"IMAX, of course, is known for incredibly immersive capture and audio," Bavor said. "And they're going to be bringing their decades of experience with camera design, optics, sensors and more to JUMP."
It's unclear when the fruit of Google's and IMAX's efforts will see the light of day, or even how far along the device is. Still, it's hard not to get excited about what this partnership could mean. Bavor rightfully pointed out how good at audio and video capture IMAX can be, and that expertise should propel mobile VR experiences (like the ones Google is building as part of its Daydream project) further than we've seen.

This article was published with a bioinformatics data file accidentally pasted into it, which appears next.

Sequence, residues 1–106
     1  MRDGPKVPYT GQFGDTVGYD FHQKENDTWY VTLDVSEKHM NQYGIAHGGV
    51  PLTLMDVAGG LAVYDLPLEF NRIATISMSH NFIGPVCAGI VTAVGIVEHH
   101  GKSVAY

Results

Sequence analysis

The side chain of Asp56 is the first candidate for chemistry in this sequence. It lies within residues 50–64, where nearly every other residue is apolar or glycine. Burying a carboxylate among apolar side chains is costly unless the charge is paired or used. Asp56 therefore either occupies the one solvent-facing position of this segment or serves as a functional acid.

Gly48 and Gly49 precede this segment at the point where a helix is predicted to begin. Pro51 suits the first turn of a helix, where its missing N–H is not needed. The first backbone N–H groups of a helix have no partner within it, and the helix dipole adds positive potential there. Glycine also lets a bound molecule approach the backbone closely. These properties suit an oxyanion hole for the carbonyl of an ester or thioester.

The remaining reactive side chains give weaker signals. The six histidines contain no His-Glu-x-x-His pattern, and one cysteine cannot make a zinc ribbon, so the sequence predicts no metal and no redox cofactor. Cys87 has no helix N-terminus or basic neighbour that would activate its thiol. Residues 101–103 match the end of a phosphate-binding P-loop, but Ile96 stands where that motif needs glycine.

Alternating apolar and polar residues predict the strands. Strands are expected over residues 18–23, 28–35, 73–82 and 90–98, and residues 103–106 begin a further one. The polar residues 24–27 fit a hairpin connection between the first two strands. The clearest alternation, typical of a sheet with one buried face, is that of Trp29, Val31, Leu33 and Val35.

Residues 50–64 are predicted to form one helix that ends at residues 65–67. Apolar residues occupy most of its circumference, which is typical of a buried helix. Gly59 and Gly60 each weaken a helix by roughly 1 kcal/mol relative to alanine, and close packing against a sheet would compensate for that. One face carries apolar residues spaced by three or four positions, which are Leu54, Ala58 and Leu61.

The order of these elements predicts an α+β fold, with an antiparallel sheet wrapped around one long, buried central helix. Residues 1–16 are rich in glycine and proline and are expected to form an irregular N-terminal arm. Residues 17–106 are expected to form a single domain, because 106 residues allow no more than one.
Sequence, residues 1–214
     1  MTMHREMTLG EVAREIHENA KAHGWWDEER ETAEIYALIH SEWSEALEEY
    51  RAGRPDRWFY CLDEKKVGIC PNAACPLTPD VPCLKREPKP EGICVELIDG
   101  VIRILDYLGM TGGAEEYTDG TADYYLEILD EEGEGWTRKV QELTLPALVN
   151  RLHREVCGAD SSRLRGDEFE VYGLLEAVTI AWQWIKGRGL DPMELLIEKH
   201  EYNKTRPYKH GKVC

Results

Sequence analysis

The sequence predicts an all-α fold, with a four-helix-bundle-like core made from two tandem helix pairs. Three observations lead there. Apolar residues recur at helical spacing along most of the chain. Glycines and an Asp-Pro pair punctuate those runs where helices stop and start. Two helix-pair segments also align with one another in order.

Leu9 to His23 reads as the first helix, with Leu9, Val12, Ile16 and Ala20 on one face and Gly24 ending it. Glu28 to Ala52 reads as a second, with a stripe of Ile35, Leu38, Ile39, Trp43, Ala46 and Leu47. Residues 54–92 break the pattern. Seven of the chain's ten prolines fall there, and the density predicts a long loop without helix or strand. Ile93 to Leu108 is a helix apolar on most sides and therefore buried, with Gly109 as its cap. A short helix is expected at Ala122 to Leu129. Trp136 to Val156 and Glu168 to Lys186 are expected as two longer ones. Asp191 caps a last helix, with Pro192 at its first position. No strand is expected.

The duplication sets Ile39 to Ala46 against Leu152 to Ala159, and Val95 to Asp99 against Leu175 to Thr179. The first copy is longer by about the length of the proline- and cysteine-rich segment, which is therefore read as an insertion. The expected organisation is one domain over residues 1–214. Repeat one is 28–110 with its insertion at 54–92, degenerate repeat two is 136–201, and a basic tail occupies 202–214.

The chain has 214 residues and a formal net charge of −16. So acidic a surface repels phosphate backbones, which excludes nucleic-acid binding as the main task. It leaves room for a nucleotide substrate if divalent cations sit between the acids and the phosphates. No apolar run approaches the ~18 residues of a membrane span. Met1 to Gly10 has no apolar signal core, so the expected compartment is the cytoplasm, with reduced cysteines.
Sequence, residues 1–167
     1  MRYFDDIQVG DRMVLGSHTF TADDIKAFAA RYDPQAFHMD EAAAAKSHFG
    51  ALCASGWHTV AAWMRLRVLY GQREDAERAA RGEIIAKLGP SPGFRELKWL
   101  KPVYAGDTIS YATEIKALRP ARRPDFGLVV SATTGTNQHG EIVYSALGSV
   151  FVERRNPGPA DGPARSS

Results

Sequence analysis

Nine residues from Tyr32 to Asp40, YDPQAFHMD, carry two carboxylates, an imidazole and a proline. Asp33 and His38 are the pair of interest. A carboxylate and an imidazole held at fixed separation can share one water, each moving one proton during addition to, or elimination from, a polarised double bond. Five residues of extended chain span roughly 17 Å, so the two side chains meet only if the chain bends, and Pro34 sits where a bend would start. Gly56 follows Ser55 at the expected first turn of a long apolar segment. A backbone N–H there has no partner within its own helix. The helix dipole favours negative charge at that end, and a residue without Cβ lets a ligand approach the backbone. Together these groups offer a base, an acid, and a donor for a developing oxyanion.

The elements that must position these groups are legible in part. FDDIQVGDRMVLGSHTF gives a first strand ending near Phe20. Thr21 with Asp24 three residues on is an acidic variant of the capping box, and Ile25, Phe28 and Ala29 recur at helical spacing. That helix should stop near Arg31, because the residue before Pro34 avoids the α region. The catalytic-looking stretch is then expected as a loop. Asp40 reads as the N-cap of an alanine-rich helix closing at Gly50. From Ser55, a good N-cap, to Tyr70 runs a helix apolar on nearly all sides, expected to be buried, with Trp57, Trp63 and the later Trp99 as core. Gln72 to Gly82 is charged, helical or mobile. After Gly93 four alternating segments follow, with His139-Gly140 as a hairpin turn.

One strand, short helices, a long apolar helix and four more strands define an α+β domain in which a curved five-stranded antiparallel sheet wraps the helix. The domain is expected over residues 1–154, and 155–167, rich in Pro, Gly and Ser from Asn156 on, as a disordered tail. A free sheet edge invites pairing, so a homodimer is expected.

That's not to say VR video efforts have been altogether lacking; we've seen cinematic, 360-degree projects before. The Fast and the Furious and Star Trek director Justin Lin tried his hand at one of Google's Spotlight Stories last year, for instance, and with any luck, Google and IMAX's work could make that sort of high production value the rule, not the exception.
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